Exhausted from weeks of struggling to get the colors of the Dolby Vision certified Asus PA32UCX to match those of my LG OLED C7, last night, in a fit of desperation, I connected the Blackmagic Ultrastudio 4K Mini directly to the television, opened up a long dormant project in Final Cut Pro, began grading, and… Read More
I thought I’d jot down my first impressions of the PA32UCX solely in its capacity as a grading monitor for delivery to YouTube – the primary purpose for which I purchased the display. For this, I’m evaluating the image quality of an HLG HDR video edited on the Asus, uploaded to YouTube, and viewed on… Read More
Custom white balance using the X-Rite color checker. This will give you consistent results. Unfortunately, Sony makes doing custom white balance much more tedious than it needs to be. ND Filters. In broad daylight, exposures can be in the thousandths of a second at f/9 or f/10. This might be fine for architectural or landscape… Read More
Since shooting HLG 3 and properly exposing, I’ve had to re-evaluate my attitude towards Sony’s implementation of HLG, also known as instant HDR. HLG requires no color correction, though it can still hold up to a very tiny bit of manipulation in post. The LCD on Sony’s a7 III is too dark even in the… Read More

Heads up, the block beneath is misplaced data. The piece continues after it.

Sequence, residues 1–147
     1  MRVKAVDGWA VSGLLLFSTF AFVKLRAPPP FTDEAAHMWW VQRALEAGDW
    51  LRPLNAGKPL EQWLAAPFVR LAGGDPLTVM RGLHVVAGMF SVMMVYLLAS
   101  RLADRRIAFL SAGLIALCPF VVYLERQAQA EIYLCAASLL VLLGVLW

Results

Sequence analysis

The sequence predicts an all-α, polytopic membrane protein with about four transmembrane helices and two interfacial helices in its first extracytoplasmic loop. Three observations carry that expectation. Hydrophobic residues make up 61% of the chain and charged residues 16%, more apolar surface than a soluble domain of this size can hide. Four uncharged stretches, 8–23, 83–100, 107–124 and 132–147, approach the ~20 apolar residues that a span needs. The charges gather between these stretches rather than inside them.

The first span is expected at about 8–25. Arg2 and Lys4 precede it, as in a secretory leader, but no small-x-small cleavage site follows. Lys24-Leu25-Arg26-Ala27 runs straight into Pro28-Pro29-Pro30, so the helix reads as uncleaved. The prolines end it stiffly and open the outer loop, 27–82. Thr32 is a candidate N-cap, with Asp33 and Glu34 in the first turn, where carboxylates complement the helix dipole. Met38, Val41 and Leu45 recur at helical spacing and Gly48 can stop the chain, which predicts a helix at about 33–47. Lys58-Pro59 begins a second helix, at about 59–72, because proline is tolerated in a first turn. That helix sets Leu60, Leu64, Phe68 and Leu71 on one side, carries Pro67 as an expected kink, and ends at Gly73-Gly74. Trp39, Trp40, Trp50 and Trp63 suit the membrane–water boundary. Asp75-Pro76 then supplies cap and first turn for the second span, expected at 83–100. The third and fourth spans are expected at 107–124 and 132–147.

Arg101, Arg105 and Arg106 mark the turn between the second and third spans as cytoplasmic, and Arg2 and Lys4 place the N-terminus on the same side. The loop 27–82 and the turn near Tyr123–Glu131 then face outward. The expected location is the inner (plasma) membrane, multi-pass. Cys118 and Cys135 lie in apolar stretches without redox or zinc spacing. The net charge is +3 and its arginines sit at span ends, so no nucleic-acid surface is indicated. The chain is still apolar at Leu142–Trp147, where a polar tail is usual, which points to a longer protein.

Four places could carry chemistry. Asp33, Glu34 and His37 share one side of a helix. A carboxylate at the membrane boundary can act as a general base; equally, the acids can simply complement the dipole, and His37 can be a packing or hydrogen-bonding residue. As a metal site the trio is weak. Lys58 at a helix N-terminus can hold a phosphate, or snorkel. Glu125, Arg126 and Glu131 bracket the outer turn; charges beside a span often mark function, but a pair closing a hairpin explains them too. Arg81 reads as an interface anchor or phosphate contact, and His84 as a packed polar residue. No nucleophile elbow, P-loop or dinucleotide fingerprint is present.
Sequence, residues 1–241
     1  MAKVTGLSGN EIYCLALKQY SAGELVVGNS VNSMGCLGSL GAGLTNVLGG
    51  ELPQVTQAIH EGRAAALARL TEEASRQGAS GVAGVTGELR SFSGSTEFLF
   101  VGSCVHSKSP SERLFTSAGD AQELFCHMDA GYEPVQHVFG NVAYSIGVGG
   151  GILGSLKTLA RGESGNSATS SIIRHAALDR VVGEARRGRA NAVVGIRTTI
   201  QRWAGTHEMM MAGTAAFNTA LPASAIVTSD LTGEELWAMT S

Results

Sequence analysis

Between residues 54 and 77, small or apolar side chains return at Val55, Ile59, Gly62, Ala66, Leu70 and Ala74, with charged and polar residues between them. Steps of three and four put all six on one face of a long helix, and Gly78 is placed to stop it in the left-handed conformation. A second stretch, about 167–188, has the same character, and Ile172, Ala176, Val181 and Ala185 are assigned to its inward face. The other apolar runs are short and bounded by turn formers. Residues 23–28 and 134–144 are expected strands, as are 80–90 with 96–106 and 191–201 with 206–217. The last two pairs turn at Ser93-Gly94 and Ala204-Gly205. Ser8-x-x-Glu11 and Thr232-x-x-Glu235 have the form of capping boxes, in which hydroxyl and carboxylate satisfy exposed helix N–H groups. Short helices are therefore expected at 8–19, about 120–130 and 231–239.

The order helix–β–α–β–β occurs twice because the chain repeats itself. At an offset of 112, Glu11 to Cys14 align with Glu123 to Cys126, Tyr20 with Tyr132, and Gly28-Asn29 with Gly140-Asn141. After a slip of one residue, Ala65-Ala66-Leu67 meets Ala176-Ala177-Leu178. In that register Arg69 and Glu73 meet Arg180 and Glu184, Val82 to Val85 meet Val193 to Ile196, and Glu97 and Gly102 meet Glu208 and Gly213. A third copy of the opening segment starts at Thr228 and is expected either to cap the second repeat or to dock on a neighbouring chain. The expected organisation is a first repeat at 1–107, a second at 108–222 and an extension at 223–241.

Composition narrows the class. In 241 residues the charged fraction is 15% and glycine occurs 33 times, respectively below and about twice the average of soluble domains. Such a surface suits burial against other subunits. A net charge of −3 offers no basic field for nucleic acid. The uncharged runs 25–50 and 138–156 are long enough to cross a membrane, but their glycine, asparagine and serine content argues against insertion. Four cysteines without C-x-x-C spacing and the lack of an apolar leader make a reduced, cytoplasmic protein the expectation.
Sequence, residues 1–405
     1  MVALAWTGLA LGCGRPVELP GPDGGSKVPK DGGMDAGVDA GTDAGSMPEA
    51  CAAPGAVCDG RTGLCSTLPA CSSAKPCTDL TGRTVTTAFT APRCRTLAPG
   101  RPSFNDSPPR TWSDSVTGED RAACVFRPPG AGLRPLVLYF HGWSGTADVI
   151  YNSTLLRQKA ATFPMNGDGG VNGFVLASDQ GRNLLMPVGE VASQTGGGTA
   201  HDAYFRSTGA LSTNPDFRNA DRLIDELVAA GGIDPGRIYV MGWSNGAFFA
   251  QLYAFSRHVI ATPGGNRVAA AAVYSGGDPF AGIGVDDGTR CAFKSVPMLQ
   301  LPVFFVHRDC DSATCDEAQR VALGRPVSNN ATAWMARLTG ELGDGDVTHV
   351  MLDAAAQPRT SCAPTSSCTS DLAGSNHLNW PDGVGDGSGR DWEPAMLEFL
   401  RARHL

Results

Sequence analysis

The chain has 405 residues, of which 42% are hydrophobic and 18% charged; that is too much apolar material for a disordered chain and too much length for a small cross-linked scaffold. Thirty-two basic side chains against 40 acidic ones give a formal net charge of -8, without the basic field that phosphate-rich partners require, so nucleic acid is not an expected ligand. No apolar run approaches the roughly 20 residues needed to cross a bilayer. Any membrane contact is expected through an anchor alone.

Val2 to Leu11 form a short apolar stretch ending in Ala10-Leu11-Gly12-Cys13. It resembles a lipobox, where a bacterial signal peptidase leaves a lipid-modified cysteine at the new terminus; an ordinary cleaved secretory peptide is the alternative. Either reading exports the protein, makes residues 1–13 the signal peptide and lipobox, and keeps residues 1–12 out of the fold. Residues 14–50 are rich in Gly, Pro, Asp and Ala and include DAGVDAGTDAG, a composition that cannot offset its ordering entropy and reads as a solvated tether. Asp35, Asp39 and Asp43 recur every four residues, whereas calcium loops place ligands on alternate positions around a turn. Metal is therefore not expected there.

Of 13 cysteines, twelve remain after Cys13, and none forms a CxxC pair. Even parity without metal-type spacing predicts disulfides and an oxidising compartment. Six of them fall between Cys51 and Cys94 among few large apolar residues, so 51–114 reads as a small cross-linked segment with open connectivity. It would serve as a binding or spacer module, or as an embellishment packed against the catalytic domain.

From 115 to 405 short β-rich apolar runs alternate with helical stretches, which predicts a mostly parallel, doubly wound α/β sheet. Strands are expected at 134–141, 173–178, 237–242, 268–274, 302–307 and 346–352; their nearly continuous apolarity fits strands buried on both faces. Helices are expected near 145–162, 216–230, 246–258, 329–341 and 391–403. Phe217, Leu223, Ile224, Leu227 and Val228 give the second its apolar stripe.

More luscious HDR goodness, this time shot with the 16-35mm GM, 50mm f/1.4 Planar and 85mm f/1.8 lenses. Mostly architecture around Ho Chi Minh City from the French colonial era. Forget everything you heard about HLG being backward compatible: the clip must be viewed on an HDR display or it will look dreadful. “Ruby” by… Read More
Experts recommend anywhere between 55-60 IRE for skin tones, but in flat lighting, it might be beneficial to go as high as 65-70 IRE to prevent the image from becoming dull and lifeless. Naturally, one must take care not to overexpose, or the image will appear washed out.
Occasionally, YouTube doesn’t recognize the master files I create in Final Cut Pro as HLG HDR, so I’ve taken to uploading my HDR projects to YouTube through Compressor.
Sample footage, Sony a7 III HLG HDR. To be seen correctly, must be viewed on an HDR display. SDR (standard dynamic range) rec. 709 video contains at most around six or seven stops of dynamic range while HLG HDR video is capable of as many as 17.5 stops – though both the Sony and my… Read More